N-Point FFT on a standard gaussian noise results in real and imaginary results that are gaussian distributed with variance N/2. This results in the magnitude of the FFT being Rayleigh distributed with mode parameter

. Assuming

represents the magnitude of the FFT output at frequency ** i** for the

**th non-coherent integration time. Then after M non-coherent integrations (that is just adding the output of N-point FFTs on top of each other) the magnitude at the ith frequency is given by**

*j*. If

are independent variables arising from gaussian noise then the variance is now

. if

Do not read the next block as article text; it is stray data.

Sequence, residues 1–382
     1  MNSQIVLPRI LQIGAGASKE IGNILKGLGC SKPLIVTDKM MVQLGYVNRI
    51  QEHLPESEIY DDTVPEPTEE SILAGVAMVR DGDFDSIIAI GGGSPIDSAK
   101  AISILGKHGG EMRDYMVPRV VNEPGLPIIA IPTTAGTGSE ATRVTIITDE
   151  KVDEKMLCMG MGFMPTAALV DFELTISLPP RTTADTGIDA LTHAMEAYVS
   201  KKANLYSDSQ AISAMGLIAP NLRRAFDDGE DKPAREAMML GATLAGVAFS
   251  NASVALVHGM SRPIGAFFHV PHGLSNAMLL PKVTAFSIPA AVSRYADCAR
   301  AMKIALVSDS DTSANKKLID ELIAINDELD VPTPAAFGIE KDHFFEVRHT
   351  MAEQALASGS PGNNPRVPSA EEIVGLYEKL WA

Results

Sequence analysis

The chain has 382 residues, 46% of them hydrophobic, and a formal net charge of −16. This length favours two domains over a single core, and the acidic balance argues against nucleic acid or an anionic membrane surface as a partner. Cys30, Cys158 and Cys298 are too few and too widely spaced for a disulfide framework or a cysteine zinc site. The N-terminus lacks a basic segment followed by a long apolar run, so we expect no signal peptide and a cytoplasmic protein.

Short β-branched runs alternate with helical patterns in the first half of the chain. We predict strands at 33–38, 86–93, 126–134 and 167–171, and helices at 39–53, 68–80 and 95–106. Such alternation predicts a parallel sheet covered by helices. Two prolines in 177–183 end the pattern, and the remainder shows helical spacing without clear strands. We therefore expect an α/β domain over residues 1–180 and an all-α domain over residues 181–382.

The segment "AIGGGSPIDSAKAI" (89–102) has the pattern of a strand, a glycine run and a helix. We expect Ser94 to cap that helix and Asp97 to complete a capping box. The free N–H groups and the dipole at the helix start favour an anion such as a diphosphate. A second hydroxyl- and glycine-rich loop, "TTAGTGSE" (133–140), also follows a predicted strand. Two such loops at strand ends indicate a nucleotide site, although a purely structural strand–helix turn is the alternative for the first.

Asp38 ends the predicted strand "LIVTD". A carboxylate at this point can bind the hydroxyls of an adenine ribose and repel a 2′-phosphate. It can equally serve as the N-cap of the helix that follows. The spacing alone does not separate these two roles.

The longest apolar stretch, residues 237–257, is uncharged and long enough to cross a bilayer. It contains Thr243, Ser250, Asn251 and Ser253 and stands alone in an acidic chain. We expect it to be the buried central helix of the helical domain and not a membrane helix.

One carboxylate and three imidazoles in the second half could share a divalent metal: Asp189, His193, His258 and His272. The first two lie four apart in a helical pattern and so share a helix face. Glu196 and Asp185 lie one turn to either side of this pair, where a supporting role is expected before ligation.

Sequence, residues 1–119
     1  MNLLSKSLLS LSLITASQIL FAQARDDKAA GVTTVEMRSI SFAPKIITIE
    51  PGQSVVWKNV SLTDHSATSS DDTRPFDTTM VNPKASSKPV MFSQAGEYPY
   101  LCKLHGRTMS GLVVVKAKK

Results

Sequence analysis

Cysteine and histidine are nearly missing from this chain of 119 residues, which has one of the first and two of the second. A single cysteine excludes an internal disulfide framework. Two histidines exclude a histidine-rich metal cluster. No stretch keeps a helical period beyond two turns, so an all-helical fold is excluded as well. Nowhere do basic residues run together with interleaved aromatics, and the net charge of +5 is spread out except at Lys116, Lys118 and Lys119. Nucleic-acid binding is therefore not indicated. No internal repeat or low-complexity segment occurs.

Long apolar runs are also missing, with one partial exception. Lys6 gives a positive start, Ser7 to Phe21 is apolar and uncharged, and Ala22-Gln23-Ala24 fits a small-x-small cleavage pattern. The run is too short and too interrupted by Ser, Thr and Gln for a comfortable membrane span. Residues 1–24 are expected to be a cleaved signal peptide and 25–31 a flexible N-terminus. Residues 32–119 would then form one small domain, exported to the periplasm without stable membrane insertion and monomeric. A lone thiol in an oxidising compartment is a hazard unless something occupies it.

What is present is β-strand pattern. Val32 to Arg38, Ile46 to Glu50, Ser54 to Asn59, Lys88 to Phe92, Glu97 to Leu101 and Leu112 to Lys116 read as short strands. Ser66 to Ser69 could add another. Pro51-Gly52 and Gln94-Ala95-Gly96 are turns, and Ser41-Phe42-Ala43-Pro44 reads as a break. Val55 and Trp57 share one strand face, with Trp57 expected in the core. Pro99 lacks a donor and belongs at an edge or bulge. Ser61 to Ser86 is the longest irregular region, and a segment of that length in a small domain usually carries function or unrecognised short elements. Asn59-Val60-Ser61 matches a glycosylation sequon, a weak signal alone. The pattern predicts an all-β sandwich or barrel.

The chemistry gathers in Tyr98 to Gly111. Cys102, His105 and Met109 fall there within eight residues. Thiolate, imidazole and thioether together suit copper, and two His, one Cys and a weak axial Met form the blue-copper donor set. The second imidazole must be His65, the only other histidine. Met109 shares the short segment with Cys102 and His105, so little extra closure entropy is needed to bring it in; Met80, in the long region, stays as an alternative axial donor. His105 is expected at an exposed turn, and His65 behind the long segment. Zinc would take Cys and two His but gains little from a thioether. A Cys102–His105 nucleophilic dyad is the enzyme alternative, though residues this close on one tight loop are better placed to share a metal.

is a valid signal then

resulting in the variance being

. So the ratio of the variance of the valid signal to that of the gaussian noise after M non-coherent integration has increased by ** M**. The video below is an example of this non-coherent integration method in action.

Binary-FSK signal that shifts between 1000KHz and 1200KHz is detected using non-coherent integration of FFT data

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